Hopefully this will make someone, somewhere laugh. After 31 days of pool running, 24 of them hard days, it's time to take a recovery week ... from my aqua-jogging routine. That's the part you're supposed to laugh at.
The cutback will coincide with the last week of dissertation writing before I hand it off to my committee, and wait for their permission to defend it, so the extra time will be valuable too. Even with the joys of Zotero and EndNote the final footnotes take longer to format than you think (even when you adjust for them taking longer than you think ... )
What with it being apparently spring weather outside (I wouldn't know, I go to the pool, I go to my desk, and when I look at the weather forecast page in my browser I often discover I haven't reloaded it for two days) the muse (Clio, maybe) from running outside would be a good thing. After a month in the pool, I've found my muse in there more than I thought I would. When you're running by yourself if you have a thought you can verbalize it (=talk to yourself). In the pool with the lifeguard sitting relatively close I can't do that ...
Now, back to that little essay I have to write.
hat tip to Cathy for seeing this important news ...
from letsrun's London marathon photos on Monday, 23 April, about 5pm CDT
I heard the following on Marketplace from a guy called Ed Derse who's supposedly a sports business analyst:
[Hockey is] a little bit too stop-start. If they make it more fluid, I think it will be better.
Now, maybe hockey's slowed down since the olden days, but has Ed Derse seen the other sports that appear on American TV? Football is the world's slowest sport. Basketball goes quickly until you get to the final 10 minutes and then it's like football. All breaks, all the time. They don't dawdle around in baseball, but it ain't continuous. I can't buy the argument that people don't watch hockey because it's stop-start when Americans have a demonstrable appetite for sports that are even more interrupted.
Sports that do poorly in cricket are often called "hapless." My hypothesis was that this would be mostly associated with the English cricket team. In the interests of the social studies of sport I did a Google search of +"hapless <country>" +cricket today and these were the results. I think they speak for themselves ... or they speak for themselves, if you follow international cricket ... Crucial qualification. Might I remind my American readers, cricket's about as popular as baseball worldwide, and they both look funny and have funny rules.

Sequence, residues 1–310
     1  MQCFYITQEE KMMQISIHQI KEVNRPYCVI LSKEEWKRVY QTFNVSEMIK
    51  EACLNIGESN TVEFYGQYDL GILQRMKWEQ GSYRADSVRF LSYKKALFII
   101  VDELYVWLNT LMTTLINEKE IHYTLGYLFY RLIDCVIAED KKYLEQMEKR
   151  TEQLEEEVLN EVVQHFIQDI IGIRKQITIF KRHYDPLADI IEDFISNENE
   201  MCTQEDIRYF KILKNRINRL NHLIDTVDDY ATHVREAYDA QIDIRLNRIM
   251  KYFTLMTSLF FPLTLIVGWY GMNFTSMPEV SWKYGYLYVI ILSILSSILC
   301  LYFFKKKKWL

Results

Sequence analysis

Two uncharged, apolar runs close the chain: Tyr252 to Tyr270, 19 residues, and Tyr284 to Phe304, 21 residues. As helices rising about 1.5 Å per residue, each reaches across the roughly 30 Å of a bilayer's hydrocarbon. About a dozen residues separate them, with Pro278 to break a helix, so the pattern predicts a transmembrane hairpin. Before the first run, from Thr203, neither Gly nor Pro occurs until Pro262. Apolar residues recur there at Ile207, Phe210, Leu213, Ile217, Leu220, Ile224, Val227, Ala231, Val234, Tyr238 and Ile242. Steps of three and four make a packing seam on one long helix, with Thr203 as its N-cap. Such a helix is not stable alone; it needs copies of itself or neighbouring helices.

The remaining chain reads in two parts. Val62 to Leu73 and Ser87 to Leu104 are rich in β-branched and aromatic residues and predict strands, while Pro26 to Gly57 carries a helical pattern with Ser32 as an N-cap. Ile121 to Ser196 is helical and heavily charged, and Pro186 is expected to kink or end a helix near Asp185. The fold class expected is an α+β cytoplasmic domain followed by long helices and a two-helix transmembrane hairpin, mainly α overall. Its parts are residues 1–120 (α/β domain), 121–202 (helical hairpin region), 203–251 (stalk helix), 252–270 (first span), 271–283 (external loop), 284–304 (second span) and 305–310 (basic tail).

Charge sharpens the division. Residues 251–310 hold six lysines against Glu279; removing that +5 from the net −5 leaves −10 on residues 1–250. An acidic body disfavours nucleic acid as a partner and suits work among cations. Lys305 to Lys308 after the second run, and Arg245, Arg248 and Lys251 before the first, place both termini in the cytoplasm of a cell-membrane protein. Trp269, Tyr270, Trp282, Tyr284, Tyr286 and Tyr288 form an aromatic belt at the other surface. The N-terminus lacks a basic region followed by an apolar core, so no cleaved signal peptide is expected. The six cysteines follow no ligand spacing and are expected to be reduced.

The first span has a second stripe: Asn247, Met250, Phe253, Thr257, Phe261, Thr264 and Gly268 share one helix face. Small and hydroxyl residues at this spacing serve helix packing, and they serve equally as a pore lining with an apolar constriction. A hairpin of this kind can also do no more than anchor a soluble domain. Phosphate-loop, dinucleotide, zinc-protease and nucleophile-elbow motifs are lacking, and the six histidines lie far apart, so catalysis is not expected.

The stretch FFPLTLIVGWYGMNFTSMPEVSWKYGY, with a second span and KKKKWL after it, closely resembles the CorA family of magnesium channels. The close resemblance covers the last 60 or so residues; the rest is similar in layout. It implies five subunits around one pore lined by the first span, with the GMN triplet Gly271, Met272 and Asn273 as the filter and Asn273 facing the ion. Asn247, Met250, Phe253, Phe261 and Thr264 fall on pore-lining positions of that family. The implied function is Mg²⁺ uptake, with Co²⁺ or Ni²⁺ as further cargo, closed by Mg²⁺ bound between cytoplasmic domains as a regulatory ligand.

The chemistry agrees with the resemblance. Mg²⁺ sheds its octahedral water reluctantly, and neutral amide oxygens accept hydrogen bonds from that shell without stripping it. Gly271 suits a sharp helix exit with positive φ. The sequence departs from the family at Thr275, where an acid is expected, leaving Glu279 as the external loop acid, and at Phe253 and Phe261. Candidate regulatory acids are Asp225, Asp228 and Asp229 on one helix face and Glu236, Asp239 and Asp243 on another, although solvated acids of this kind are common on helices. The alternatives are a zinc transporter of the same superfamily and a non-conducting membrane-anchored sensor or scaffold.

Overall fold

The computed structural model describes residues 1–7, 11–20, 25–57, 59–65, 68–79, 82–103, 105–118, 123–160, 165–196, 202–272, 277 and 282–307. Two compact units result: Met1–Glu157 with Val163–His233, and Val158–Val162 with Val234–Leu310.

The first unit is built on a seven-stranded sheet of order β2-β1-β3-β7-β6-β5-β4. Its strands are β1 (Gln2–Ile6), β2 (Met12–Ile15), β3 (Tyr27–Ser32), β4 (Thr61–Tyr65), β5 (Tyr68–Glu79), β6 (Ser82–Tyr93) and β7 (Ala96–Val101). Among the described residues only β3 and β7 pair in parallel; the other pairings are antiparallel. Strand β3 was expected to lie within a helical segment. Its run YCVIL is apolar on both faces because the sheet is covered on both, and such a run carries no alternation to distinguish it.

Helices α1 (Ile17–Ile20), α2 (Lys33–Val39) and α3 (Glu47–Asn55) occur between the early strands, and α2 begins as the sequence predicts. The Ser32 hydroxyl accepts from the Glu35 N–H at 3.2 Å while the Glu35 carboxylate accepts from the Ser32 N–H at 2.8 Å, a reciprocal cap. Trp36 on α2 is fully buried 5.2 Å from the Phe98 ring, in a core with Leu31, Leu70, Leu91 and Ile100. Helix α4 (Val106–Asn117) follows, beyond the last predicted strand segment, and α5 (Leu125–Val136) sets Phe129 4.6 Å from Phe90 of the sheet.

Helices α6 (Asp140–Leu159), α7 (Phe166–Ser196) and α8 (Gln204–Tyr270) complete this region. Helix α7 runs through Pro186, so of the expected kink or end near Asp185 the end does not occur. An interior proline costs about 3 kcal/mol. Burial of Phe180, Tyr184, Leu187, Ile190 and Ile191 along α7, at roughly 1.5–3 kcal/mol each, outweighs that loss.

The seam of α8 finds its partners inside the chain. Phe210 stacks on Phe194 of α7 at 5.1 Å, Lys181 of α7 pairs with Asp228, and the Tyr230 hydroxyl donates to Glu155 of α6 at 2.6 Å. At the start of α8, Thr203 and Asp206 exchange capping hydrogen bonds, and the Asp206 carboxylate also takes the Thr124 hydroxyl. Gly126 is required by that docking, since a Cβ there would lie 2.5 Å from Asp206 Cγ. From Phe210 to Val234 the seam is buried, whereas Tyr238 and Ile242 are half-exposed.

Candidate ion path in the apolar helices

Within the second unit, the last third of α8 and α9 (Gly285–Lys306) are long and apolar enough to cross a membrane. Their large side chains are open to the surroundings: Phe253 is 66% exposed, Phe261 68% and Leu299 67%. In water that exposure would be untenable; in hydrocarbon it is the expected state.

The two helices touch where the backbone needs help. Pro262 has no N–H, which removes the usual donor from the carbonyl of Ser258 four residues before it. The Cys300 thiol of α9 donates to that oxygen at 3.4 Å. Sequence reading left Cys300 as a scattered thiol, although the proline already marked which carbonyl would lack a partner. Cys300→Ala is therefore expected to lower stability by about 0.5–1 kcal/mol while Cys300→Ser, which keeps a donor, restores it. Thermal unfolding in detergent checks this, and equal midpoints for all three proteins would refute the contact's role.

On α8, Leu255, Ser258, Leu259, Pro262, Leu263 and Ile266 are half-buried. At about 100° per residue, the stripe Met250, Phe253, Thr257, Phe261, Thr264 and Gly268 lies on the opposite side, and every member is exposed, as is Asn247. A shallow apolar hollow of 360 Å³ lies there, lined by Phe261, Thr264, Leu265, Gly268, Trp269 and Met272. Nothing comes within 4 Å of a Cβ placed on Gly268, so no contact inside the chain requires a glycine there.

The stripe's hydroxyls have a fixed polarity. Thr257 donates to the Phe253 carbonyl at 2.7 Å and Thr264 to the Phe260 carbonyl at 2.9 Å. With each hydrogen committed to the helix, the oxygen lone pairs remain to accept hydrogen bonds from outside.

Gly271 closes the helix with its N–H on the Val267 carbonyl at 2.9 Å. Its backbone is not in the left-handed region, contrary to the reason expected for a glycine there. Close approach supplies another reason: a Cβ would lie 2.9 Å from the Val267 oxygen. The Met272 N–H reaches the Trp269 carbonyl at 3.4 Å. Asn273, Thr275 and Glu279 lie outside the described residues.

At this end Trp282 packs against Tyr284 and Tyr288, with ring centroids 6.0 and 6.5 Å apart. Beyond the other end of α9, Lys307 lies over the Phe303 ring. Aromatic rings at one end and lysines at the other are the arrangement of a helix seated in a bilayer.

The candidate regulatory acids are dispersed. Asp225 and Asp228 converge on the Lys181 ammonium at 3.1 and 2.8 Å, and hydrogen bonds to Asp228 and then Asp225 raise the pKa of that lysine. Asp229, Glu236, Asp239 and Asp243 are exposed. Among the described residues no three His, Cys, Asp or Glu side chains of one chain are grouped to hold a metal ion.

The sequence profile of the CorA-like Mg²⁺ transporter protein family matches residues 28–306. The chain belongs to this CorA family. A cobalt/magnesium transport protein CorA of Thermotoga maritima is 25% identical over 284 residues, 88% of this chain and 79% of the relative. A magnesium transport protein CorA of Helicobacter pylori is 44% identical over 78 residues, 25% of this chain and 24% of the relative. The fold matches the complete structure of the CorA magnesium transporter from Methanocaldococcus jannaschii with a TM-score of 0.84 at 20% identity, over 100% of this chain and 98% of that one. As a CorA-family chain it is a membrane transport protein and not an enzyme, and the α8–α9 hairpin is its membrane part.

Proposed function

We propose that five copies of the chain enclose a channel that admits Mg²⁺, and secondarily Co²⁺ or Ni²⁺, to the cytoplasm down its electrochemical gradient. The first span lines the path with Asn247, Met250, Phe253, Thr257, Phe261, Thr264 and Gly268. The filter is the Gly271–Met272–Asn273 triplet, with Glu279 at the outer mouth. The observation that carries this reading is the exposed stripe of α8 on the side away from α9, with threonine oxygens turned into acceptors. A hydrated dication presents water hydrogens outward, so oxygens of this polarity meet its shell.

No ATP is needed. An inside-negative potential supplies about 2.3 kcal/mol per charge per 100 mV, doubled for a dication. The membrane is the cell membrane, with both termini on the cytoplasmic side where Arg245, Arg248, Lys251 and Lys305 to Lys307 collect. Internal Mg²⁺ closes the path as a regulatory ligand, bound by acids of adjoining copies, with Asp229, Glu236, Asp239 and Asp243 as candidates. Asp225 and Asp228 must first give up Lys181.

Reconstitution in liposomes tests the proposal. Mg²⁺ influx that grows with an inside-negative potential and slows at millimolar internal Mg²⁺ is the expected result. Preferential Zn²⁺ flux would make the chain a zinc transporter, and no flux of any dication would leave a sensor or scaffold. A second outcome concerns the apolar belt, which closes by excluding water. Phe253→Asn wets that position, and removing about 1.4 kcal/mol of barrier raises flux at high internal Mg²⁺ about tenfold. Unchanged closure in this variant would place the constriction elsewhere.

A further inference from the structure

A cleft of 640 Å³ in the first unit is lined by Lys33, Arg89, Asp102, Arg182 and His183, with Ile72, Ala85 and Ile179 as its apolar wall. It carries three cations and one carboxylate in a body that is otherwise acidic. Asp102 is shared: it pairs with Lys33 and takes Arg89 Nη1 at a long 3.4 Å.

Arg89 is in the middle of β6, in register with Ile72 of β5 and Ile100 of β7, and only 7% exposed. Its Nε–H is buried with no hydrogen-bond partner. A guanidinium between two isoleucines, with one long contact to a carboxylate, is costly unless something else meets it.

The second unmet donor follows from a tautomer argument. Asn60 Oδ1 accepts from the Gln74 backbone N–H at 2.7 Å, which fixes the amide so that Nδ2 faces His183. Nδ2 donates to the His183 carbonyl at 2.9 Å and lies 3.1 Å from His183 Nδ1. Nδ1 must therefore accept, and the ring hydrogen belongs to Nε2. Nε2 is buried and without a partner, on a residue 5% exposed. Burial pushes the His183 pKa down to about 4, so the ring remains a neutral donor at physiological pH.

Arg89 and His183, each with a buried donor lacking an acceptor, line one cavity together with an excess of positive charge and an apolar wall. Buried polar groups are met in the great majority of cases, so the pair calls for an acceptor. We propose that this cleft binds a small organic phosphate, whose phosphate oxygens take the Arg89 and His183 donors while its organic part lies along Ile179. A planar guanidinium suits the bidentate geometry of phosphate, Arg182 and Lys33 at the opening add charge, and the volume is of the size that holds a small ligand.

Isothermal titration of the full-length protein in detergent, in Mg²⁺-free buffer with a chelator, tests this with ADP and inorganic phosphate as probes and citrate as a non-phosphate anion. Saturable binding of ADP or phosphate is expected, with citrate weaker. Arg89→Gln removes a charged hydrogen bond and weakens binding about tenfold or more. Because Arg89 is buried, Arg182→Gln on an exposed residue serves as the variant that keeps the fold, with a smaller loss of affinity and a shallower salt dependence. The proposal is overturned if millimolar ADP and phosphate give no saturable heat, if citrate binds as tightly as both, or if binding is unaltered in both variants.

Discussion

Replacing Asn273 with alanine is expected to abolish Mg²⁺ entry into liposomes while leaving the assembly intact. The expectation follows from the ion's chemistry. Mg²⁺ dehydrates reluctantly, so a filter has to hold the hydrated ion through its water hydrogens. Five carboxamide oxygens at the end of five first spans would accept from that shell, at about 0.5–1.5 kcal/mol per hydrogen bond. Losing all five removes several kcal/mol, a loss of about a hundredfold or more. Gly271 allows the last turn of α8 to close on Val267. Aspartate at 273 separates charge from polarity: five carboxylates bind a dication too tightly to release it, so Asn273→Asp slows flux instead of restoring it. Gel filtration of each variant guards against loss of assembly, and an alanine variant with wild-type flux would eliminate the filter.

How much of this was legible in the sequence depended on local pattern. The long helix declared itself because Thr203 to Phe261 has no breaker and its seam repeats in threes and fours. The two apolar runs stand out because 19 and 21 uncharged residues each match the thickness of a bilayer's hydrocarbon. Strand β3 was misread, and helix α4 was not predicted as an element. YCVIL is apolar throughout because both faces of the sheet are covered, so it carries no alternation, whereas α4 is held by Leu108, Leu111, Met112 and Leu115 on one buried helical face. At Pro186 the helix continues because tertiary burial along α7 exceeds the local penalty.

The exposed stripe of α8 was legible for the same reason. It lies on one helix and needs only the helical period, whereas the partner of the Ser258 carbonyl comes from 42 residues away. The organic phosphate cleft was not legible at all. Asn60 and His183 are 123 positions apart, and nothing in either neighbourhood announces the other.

No doubt more sophisticated "analyses" could be done, perhaps adjusting for the population speaking English in each country. Now while it's a little surprising to see Bangladesh and Zimbabwe getting more "hapless" mentions than England, those countries have better excuses than England for not fielding a good cricket team. I threw Canada--yes, they were playing in the World Cup--into the mix as a "control" group.
Interracial marriage is apparently on the rise—they're surging according to the New York Times, which makes me wonder how soon if ever it will be until the word "surge" gains an unfortunate connotation from the success or otherwise of the "surge" in Iraq, but I digress—.
My one quibble, and multiple questions, about this new trend relate to the near complete absence (at least in the article) of any context for some of the numbers. We learn, for example, that in 1970 there were 65,000 inter-racial marriages and 422,000 in 2005. That's all very well, but how many marriages were there in total? A quick trip over to the National Center for Health Statistics (who actually keep the data) shows there were 2,230,000 marriages in 2005. That's a pretty impressive flow of inter-racial marriages into the stock of marriages, on the order of about 1 in 4. Certainly it captures the trend better than the 7% of existing marriages being inter-racial.